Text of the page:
The Russian high arctic archipelago of Franz-Josef-Land is the northernmost outpost of Europe and even Eurasia and - with a land area of together ca. 16000 km² - about one fourth of the size of its western neighbour, the Spitsbergen archipelago. Franz-Josef-Land is split into numerous islands and only just about touched by the last the influences of the Gulf Stream. About 85 % of the surface consists of all-year ice, in most cases ice caps, which terminate abruptly into the sea on most sides all around the islands, while resting usually on mountain plateaus hidden under them. The few ice-free zones mostly are also plateau-like - either coastal lowlands or ice-free parts of higher plateaus, which are separated from the lowlands or the sea by often fairly steep cliffs, often partly hidden under scree slopes.
In many of the - partly very narrow - channels between the islands, drift ice or even a closed ice sheet, can last long into summer, sometimes even all year round.
Officially, Franz-Josef-Land was discovered as late as 1873 by the austrian-hungarian TEGETTHOFF expedition under the leadership of Carl Weyprecht, with Payer as the leader of the land explorations. Also later, the archipelago was often difficult or impossible to reach - from 1929, after the annexation by the Soviet Union, also due a ban on all foreign activities for more than 60 years until 1991. During the Soviet period, some fairly restricted areas of the few stations and military bases were massively damaged by human impacts and pollution, while the vast remaining territory survived practically untouched. Seen in total, Franz-Josef-Land is one of the most pristine high arctic territories until today.
For the European walrus, heavily hunted because of its ivory tusks and thick leather, Franz-Josef-Land was the most important area of retreat, until the species became internationally protected from 1952 onwards, and right to our days is the archipelago one of the best places to watch these heaviest animals coming ashore in the high North. Polar bears are numerous as well around the islands, and the surrounding seas offer good chances for spotting some whales, with some luck even the almost extinct Greenland Whale. Birders will look out especially for some of the high arctic rare species, which are hardly found elsewhere.
The extremely northern position of the islands attracted expeditions of the pioneer age (late 19th - early 20th century), which usually saw Franz-Josef-Land as a useful advanced base for attempts to reach from there the North Pole. Failing with this main objective, they explored instead or in addition the archipelago. The difficult accessibility together with the high arctic climate has preserved the relicts of these polar pioneer expeditions amazingly well - giving us at the same time an idea, how much of these valuable witnesses of the past has been looted and vandalised during hundred years of visits in more accessible places like Spitsbergen, by all kinds of visitors. Protecting these outstanding cultural monuments in Franz-Josef-Land while at the same time experiencing them as one of the biggest attractions of the islands is a challenge for tourism as a whole and for every single visitor.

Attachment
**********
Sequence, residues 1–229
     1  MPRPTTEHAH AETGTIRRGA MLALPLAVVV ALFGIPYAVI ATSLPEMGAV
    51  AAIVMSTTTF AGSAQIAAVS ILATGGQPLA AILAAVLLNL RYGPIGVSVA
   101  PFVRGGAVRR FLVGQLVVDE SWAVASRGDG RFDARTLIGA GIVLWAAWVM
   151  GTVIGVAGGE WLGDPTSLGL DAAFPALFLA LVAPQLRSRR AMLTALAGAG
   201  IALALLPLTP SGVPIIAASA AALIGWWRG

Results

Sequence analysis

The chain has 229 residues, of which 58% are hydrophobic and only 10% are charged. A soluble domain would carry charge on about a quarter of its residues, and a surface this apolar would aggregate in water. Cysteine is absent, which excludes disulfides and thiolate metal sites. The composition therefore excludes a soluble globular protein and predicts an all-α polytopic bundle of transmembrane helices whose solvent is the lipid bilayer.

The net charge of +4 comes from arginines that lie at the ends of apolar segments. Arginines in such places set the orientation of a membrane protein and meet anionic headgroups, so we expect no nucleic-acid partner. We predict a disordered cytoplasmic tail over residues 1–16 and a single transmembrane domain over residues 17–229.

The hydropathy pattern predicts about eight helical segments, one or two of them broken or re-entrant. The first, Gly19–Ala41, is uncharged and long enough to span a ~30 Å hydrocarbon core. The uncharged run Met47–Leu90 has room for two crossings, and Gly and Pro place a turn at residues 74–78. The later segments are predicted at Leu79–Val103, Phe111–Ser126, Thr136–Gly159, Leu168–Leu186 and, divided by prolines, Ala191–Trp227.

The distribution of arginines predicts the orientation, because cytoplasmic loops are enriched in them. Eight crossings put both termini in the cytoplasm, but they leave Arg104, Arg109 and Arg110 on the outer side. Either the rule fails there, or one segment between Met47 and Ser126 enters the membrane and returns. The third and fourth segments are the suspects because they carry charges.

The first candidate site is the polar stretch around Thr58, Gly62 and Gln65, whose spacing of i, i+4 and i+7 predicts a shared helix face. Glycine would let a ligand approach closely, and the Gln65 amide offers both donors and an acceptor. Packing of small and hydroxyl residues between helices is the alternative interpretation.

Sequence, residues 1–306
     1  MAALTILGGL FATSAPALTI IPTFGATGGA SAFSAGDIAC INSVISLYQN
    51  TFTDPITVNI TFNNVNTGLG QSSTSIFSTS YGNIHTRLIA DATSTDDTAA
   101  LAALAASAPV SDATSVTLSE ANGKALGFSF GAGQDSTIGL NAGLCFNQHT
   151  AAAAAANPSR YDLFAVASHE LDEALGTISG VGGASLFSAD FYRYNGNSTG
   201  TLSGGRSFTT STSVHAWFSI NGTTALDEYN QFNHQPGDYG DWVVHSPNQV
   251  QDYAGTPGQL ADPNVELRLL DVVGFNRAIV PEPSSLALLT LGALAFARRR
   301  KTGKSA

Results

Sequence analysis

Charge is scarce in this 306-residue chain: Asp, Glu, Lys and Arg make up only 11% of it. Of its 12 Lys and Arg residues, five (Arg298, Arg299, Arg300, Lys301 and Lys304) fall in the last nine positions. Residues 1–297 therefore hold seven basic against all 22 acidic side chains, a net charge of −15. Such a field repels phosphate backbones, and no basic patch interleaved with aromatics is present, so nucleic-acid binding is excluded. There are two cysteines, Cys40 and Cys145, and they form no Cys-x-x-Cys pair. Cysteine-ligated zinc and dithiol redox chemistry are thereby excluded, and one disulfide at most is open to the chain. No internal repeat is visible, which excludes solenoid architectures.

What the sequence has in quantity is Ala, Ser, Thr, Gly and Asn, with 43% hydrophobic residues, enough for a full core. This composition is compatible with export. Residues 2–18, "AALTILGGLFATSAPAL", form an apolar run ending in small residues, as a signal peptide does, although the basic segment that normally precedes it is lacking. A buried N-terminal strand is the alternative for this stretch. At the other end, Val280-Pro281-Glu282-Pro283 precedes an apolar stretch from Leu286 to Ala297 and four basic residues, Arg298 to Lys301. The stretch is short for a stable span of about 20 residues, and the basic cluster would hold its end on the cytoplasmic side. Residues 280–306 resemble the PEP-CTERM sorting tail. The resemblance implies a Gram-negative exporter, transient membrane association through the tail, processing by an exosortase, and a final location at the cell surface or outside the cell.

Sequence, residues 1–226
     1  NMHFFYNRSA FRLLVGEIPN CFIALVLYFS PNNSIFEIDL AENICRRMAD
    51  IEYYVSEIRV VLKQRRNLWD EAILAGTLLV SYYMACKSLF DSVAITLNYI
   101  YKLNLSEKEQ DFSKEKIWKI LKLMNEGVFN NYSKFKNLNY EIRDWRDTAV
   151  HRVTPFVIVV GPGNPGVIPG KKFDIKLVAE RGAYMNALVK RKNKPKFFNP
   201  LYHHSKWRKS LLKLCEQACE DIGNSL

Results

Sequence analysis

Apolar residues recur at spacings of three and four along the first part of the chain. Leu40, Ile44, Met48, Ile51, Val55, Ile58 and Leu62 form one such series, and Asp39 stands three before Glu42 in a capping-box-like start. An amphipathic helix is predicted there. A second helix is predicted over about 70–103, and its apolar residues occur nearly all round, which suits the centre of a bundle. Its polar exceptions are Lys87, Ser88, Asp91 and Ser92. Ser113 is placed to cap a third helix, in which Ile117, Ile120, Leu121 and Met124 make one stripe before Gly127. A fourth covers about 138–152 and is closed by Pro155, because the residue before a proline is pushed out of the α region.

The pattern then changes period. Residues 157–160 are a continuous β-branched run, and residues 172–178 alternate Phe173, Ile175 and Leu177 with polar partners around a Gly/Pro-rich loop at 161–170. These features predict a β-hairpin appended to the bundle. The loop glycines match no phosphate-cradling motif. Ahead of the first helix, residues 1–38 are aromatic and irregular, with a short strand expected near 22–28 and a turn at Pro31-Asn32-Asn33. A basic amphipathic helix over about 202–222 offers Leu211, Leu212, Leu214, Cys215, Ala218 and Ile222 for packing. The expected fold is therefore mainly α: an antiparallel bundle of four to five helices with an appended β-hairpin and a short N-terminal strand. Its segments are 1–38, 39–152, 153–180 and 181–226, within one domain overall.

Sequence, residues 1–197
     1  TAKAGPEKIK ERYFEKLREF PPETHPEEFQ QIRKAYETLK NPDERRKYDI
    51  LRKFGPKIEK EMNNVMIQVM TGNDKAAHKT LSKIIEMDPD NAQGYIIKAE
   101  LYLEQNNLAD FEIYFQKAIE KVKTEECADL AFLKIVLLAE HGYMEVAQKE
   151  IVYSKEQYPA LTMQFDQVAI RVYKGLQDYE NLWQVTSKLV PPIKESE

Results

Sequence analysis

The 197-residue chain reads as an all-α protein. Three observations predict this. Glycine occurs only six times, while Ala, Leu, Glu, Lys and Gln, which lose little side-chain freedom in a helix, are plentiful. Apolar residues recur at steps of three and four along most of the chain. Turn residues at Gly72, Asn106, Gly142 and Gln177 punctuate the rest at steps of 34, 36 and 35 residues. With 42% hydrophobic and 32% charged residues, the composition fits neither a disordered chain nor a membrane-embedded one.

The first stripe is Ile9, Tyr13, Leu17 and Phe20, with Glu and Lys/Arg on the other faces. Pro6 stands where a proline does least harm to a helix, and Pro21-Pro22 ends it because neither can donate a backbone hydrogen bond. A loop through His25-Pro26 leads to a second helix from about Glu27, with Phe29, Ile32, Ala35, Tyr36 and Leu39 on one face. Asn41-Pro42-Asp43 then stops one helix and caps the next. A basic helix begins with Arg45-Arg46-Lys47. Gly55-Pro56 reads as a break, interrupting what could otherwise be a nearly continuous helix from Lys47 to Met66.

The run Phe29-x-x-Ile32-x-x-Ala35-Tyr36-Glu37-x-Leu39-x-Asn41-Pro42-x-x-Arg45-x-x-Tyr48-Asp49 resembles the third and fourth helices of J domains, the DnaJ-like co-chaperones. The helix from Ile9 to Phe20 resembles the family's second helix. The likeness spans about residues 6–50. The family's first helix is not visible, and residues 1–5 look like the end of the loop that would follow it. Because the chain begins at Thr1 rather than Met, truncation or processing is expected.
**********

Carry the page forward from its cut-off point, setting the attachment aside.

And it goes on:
Except of very few private expeditions with enormous preparation efforts over many years, Franz-Josef-Land is basically blocked for independent travellers: there are no means of public transports and usually, Russia does not issue permissions for visits by foreign vessels.
The only possiblity for a visit are therefore touristic expedition cruises on Russian ice-classed vessels: on 1-4 tours per year, the archipelago is usually briefly touched by the North Pole cruises on Russian nuclear icebreakers, which pay short visits to the islands on the way up and/or down. Furthermore - not every year - there are a few offers of expedition cruises heading specifically for Franz-Josef-Land to spend several days in the archipelago. There was no such cruise in 2007, in 2008 there were 2 successful cruises to the archipelago from and to Spitsbergen, none in 2009. For 2010, 2 cruises are planned, starting and ending in Murmansk and using the dieselelectric icebreaker KAPITAN DRANITSYN - a touristic cruise starting July 26th and a combined research and tourism cruise starting on August 6th - see tour offers Franz-Josef-Land.
Important: Franz-Josef-Land is the northernmost part of the Eurasian arctic. Accordingly, travelling there is extremely dependent on the actual ice conditions, which differ enormously from year to year. Even strong conventional icebreakers can reach their limits here - especially because sailing very slow in heavy ice costs too much of the limited travel time. Therefore, any itineries for Franz-Josef-Land can only be seen as non-binding examples. The actual route will be fixed by expedition leader and captain on short notice from day to day, based on the actual ice and weather conditions.
Specific reasons for travelling to Franz-Josef-Land: